The Failing Queen


The summer solstice has passed and I continue to see a lot of new things from the bees and continue to learn.

In the first few inspections of the hives, things couldn’t have looked better. I have 20 frames that already have comb built in each hive. This saves the bees some work as they begin foraging for nectar and pollen.

Initially, both queens were laying eggs like pros- very dense patterns of eggs and looking really healthy. However, the queen on my roof has since had some troubles. In fact, as of now I can confirm her absence. Three weeks ago I did an inspection and could not find the queen, but more importantly, I did not see any eggs. I did see some larvae, which tells me she was there days ago, but eggs would have been evidence that she was present. In my inspection two weeks ago and the one I did last week there were certainly no eggs and no queen.


There were some queen supersedure cells (as seen in the middle of the photo above), indicating the worker bees believe the queen is failing and want to replace her. Initially, I thought they were preparing queen cells to swarm, but now those cells are gone and only the supercedure cells remain.

I chose not to interfere and let the bees do what is best for themeselves. I was hoping the supercedure cells would result in a healthy queen bee. The only way for the bees to raise a new queen is to take a female egg laid by the previous queen and implant it into a queen cup.


Lo and behold, in my last inspection I spotted the new queen! She is a virgin queen at the moment, but soon she will take her first mating flight. If everything goes right she will start laying within 2-3 weeks.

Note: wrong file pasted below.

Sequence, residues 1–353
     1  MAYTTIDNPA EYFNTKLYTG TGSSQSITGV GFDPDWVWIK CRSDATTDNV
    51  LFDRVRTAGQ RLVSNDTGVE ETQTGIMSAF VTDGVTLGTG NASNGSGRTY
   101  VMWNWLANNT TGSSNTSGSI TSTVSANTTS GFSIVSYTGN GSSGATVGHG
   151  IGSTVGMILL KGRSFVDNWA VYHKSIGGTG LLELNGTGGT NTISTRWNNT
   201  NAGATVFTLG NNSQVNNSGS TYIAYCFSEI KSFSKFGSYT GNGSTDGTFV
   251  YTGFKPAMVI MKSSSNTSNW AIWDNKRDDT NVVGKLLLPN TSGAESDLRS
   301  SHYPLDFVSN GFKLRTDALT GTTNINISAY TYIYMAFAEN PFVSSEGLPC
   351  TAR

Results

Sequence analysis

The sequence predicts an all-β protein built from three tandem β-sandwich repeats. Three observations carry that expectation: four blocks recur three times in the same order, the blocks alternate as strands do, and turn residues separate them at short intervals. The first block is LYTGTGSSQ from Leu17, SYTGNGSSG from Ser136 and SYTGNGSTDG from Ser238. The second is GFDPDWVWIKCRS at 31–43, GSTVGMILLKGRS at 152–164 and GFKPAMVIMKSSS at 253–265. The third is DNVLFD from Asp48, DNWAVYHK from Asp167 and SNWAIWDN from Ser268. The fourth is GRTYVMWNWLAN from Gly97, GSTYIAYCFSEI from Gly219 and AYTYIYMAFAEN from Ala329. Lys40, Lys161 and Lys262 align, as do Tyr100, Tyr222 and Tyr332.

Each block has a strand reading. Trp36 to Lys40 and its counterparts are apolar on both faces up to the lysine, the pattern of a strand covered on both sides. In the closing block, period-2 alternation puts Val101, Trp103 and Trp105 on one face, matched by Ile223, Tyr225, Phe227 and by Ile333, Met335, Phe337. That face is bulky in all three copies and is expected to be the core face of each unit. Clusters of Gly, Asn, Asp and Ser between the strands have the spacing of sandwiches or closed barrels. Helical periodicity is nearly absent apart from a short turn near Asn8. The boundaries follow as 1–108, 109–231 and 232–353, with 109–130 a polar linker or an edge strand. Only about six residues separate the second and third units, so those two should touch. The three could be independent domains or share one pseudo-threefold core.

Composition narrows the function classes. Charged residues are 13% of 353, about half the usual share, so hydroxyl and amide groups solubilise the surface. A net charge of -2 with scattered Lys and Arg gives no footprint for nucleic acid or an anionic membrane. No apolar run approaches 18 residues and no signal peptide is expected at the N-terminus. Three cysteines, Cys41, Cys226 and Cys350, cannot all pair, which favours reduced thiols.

Before spotting the queen I came across this one bee getting a lot of attention from the others.  At first I thought I may have found the queen, but then I noticed the poor bee was paralyzed in her back portion of her body. The others are simply trying to help.


If the bees were unsuccessful at rearing a new queen, I could have ended up with a laying worker. Worker bees only lay drones (males), which are not productive for the hive other than mating with the queen. So this would mean the downfall of the colony.

Alternatively, I could have ordered a queen for $30 plus a rush delivery fee by mail and try to have her accepted by the worker bees. There’s always the chance they would reject and destroy her. Or a queen might have been born without me knowing and would kill the new queen. So I decided let the bees sort it out and that’s exactly what they did.


Here is a drone as he emerges from his birth cell. Those are some big eyes he has.

There is still a frame of capped brood from the previous queen, which gives me hope that there will still be enough bees to nurse the brood the new queen lays. Typically, the lifespan of summer bees are around 4 weeks. The gestation period of a honeybee is about 21 days. This means that there will be a lull in bee population for a few weeks while my new queens eggs/larvae are developing.

I really need this queen to get productive- and quick.

At least my bees are not likely to swarm at this point. They are pulling in nectar like crazy and I would love for this to continue. This could be a good year!

Hoping for the best!

Leave a Reply

Your email address will not be published. Required fields are marked *